Plum, the Waterloo-based scale-up, announced a US$4.2-million raise led by Toronto VC Real Ventures, marking its evolution from a company focused on recruitment to one concentrating on enterprise talent management.

Likewise, Terminal, which provides space and back office services for companies employing development teams outside the U.S., completed a US$17-million Series B round. Terminal has Canadian offices in Vancouver, Toronto, Montreal and Kitchener.

Delego Software, meanwhile, the Kitchener maker of B2B integrated payment solutions, was acquired by Atlanta, Ga.-based EVO Payments Inc., for an undisclosed amount.

And Grobo, the former Velocity company, landed $400,000 in investment during a recent Dragon’s Den episode. The two Dragons making the investment will split a five-per-cent equity share.

Speaking of Velocity, the University of Waterloo incubator had a busy month. Four Velocity companies – Maple Precision, SquidBio, Stacktronic and Watfly – each earned $50,000 at the Velocity Fund Pitch Competition. It was the first time the event has been held outside Waterloo.

Velocity led off September by announcing a new program which will operate under its umbrella, called Concept, described by Communitech News Editor Anthony Reinhart as a “pre-incubator” for students with startup ambitions and which will be located on the UW campus. Support for more mature companies will continue at Velocity’s existing location in Kitchener’s Lang Tannery building.

Support for entrepreneurs was unfolding at Wilfrid Laurier University, too. WLU’s Lazaridis Institute announced it has selected 10 early-stage tech firms to take part in the fifth cohort of its ScaleUp Program.

On the topic of scale-ups, MaRS Discovery District recently wrote about how it has partnered with Communitech and Invest Ottawa to surface a new generation of $100-million companies through the Scale-up Program, which launched last April with a $52.4-million injection from FedDev Ontario.

News, meanwhile, emerged about major changes at Kik, the Kitchebner-based company founded by CEO Ted Livingston that shot to prominence on the strength of its messaging app by the same name.

Livingston told the Record that the company has an agreement in place that will see the transfer of most of its staff and its space in Catalyst137 to an as-yet-unnamed tech company based in Silicon Valley as it continues to fight allegations from the U.S. Securities and Exchange Commission that it conducted an “illegal” securities offering when it made its initial sale of Kin cryptocurrency. Livingston has vowed to fight the charges until “we don’t have a dollar left.”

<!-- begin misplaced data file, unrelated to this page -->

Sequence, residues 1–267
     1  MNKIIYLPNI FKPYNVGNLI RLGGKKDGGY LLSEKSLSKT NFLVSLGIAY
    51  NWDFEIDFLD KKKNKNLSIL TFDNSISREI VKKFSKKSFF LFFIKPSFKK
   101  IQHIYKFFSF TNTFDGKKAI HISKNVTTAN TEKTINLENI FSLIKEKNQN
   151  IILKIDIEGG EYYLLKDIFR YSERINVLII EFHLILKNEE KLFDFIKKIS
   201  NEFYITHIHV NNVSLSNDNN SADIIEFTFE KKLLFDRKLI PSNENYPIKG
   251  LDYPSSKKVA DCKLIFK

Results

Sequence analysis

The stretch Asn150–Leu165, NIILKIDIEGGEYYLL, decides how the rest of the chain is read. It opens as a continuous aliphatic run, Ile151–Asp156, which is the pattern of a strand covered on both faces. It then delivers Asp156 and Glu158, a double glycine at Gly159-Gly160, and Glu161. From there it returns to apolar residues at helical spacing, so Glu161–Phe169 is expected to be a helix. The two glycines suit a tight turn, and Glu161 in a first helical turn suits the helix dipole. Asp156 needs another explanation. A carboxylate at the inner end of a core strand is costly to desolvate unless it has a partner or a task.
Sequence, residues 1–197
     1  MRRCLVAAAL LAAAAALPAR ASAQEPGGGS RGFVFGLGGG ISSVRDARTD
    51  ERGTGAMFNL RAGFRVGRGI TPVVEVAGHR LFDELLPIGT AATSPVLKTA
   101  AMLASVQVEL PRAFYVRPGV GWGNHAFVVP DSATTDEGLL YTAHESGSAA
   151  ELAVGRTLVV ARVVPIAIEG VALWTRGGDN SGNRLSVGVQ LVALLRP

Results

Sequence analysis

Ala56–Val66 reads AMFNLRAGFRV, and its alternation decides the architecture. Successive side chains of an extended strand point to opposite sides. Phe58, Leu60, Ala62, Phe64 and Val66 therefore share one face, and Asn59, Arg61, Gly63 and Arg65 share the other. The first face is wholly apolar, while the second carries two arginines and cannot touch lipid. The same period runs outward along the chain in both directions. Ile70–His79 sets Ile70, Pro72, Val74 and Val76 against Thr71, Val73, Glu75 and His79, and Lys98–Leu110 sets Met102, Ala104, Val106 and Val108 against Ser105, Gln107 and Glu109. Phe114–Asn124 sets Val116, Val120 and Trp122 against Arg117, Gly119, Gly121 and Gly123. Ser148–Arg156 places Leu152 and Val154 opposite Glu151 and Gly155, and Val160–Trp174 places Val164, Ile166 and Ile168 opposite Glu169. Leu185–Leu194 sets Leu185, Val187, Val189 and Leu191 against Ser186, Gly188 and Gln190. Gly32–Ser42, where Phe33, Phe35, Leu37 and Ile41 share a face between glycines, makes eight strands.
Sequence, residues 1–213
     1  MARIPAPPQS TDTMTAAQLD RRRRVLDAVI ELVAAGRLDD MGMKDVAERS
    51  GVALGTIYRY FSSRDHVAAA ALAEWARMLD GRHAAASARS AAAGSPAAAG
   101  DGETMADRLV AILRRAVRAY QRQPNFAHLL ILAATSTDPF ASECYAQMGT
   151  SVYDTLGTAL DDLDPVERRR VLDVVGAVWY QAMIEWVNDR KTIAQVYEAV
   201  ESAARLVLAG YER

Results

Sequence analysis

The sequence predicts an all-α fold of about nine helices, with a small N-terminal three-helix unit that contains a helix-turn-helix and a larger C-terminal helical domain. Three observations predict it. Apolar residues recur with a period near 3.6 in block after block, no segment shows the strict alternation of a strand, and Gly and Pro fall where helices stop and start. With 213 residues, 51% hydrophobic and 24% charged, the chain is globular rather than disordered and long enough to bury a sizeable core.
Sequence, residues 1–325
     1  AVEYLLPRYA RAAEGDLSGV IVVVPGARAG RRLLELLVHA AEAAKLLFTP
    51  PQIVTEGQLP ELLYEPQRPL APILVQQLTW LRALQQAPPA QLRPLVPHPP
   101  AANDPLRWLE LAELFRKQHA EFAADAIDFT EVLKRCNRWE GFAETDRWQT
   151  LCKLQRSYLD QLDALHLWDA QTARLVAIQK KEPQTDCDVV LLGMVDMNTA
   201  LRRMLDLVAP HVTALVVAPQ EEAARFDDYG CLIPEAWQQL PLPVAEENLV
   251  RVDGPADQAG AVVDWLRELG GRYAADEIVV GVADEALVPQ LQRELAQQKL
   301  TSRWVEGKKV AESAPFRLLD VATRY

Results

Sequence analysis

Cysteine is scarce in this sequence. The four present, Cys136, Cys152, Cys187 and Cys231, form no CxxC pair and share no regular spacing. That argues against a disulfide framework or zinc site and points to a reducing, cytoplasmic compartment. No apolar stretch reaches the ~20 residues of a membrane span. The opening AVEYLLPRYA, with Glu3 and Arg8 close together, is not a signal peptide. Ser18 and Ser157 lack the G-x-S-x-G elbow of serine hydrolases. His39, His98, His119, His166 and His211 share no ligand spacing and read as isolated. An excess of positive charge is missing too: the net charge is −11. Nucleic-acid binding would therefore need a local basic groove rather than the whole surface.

In other news

  • Chuck Howitt’s new book, BlackBerry Town – How high tech success has played out for Canada’s Kitchener-Waterloo, hit store shelves in September, after a successful launch at The Boathouse bar and restaurant. Communitech News had a Q&A with the author, who is a former editor and reporter with the Waterloo Region Record.
  • Hack the North, the annual 36-hour student hackathon that unfolds on the campus of University of Waterloo, attracted 1,500 participants in mid-September. Square and Twitter CEO Jack Dorsey delivered opening remarks via a remote link.
  • Nino Tarantino has been named the new CEO of IMS, the connected-car technology firm based in Waterloo that was brought out of receivership by Trak Global Group, based in Britain. Trak Global announced a US$50-million raise in late August.
  • Medella Health has rebranded as Voyage Labs and is pivoting from making smart contact lenses that can monitor glucose levels for diabetes patients to other medical monitoring devices, writes BetaKit.
  • Kitchener’s BinSentry, which has developed an IoT sensor used by feed-mills and farmers, won the THRIVE-Forbes Innovation Icon Award at the Forbes AgTech Summit in Indianapolis.

– This edition of the Tech Roundup compiled by Craig Daniels

Stay current on Waterloo Region tech by visiting news.communitech.ca.

Communitech is a partner of Startup HERE Toronto.  This article originally appeared on their site.